Then mark for fit along the edge. Invest the time to make a "saw board" and bevel the door edge at 5 degrees (see link below). You can also handplane with a bench plane.
Then and only then cut the door knob.
The worst mistake is to pencil around the hinges and bolt plate, and then cut with a chisel. Looks like crap. Mount the hardware, Scribe the line with a sharp Stanley knife, remove and chisel. This way there's no need for a special jig/router to get a nice cut.
You also may need to add a middle hinge if going from hollow to solid. Cut/chisel those into the jamb the same way.
http://www.popularmechanics.com/home/reviews/4283497
Add pictures here
<% if( /^image/.test(type) ){ %>
<% } %>
<%-name%>
Add image file
Upload
On Sun, 6 Jun 2010 11:00:34 -0700 (PDT), Test group SBA

Never forget to pull the nail from the jamb that holds the door in place (LOL) for shipping. Some doors have a nylon bolt that is removed from the door knob opening after install. Those are easy and can be done after the door is installed. Forget that nail and you need to pull the jamb out for another try. Once that nail is pulled things can twist around, you can damage the jamb.
I prefer to have a helper on one side of the door and can tell me if the things are "looking good". The helper can shim and check level / square / plumb as you check the other side. Use long levels.
I've installed doors in a matter of minutes (hanging) and others that caused a fit to get right.
Add pictures here
<% if( /^image/.test(type) ){ %>
<% } %>
<%-name%>
Add image file
Upload
Guys this is all great advice. (I can't believe someone hung a door with only the trim nails! Yikes!) Yes, when I did my one and only door last year (my dog ate it!) I thought to hang it on the hinges first, to make sure I got the spacing right, but then I marked it with a pencil, routed most of it out, and finished with a chisel. But I like the idea of using the Stanley knife! I think after hearing all this I'll go with just doors, not pre-hung. For one thing, I'll save a couple of hundred bucks over getting pre-hung doors (and 12 pieces of casing). I can use the $$$. And depending on the weight of the doors I'll consider putting in a 3rd hinge - another good piece of advice that I wouldn't have thought of.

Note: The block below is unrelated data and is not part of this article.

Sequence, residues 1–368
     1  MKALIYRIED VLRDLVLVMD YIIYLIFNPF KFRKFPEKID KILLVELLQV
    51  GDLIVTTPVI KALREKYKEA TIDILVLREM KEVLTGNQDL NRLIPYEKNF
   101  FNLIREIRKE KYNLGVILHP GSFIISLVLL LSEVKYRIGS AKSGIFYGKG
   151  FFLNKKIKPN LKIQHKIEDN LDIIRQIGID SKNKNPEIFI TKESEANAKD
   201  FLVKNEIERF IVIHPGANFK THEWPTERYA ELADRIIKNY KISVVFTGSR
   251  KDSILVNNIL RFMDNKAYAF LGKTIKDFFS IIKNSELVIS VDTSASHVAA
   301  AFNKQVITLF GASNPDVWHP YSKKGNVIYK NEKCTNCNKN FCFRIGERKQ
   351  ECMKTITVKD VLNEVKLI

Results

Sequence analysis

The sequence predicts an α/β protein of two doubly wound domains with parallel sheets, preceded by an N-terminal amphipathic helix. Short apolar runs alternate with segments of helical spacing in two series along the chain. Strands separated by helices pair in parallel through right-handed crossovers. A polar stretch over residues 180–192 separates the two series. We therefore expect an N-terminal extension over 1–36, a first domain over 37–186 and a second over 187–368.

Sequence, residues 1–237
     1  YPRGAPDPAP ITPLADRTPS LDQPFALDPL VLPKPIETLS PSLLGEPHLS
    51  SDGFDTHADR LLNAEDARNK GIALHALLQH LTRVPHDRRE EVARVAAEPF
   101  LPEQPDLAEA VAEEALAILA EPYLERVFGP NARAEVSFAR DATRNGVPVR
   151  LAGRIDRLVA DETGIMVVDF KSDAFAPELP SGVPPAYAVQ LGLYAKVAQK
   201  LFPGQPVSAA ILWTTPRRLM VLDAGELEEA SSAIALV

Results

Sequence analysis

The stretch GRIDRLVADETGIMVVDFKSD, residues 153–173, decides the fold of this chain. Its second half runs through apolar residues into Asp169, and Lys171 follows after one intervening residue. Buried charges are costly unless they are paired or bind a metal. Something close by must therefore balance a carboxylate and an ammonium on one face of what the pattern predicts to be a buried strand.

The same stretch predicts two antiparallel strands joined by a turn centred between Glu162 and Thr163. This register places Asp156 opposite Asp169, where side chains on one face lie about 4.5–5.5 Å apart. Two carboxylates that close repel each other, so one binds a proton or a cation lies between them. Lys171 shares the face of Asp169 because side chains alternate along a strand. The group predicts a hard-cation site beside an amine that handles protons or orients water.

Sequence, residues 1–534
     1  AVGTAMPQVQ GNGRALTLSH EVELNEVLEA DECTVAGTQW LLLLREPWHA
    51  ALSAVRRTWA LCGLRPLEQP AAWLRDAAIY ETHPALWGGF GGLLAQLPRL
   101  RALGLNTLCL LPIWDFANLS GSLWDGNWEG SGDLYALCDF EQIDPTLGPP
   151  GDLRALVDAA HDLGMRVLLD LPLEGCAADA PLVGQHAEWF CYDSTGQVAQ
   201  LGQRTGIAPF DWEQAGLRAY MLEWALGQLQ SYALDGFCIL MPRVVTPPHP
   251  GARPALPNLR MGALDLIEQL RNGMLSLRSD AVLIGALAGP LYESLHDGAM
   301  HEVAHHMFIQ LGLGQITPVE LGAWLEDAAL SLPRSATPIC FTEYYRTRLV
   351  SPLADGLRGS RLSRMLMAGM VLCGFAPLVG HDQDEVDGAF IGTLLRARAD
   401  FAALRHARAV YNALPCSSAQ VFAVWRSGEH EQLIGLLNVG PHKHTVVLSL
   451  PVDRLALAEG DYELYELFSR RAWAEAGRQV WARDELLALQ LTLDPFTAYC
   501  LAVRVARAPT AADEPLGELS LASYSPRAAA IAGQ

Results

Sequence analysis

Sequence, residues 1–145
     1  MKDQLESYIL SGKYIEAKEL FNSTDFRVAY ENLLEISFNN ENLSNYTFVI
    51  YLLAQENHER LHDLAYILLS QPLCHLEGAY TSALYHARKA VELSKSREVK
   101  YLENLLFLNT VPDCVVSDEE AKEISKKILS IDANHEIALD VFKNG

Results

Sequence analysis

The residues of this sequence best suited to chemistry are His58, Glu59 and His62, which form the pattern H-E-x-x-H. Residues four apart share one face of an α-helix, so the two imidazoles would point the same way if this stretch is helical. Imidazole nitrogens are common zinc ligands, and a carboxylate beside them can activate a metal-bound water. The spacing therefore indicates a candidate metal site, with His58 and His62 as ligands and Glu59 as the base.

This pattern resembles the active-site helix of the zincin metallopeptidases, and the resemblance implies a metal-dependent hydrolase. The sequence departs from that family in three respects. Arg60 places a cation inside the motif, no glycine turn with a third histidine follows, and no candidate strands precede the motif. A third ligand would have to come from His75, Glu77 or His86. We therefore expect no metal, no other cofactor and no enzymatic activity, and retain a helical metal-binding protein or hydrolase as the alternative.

I don't hang out on this group much but whenever I do, I'm consistently impressed with the quality and quantity of advice.
Add pictures here
<% if( /^image/.test(type) ){ %>
<% } %>
<%-name%>
Add image file
Upload
On Sun, 6 Jun 2010 16:44:22 -0700 (PDT), Test group SBA

Nor, could I. But a good yank on the jamb(s) brought the frame down.
Add pictures here
<% if( /^image/.test(type) ){ %>
<% } %>
<%-name%>
Add image file
Upload
You can buy a drill bit, or just a hammer punch.
(Amazon.com product link shortened)
Add pictures here
<% if( /^image/.test(type) ){ %>
<% } %>
<%-name%>
Add image file
Upload

Yes, I've hung cabinet doors etc. and I know exactly what you mean. I bought one quite a while ago and it's a must-have.
Add pictures here
<% if( /^image/.test(type) ){ %>
<% } %>
<%-name%>
Add image file
Upload
On 6/6/2010 11:00, Test group SBA wrote:

With moderate carpentry skill I successfully replaced 8 interior doors without replacing the casings. I did invest about $150 in a low end router and hinge mortising jig. Using the old door as a template, I mortised the hinges with no problem. The tough part was ripping the doors to the right width -- each one required about 1/4 inch removed. I used a circular saw and straightedge clamped to the door. After doing the first door each subsequent one took about two hours.
Add pictures here
<% if( /^image/.test(type) ){ %>
<% } %>
<%-name%>
Add image file
Upload

I already have a router (a wireless Linksys) (yes that was a joke) and I have an electric plane that I've used exactly once in 2 years - when I installed the door my dog ate. (I'll put on a 5-degree bevel as was suggested earlier.) So I think I'm good to go tool-wise. Anyway, I don't buy tools so I can get projects done; I take on projects so I can buy tools.
Add pictures here
<% if( /^image/.test(type) ){ %>
<% } %>
<%-name%>
Add image file
Upload

Site Timeline

Related Threads

    HomeOwnersHub.com is a website for homeowners and building and maintenance pros. It is not affiliated with any of the manufacturers or service providers discussed here. All logos and trade names are the property of their respective owners.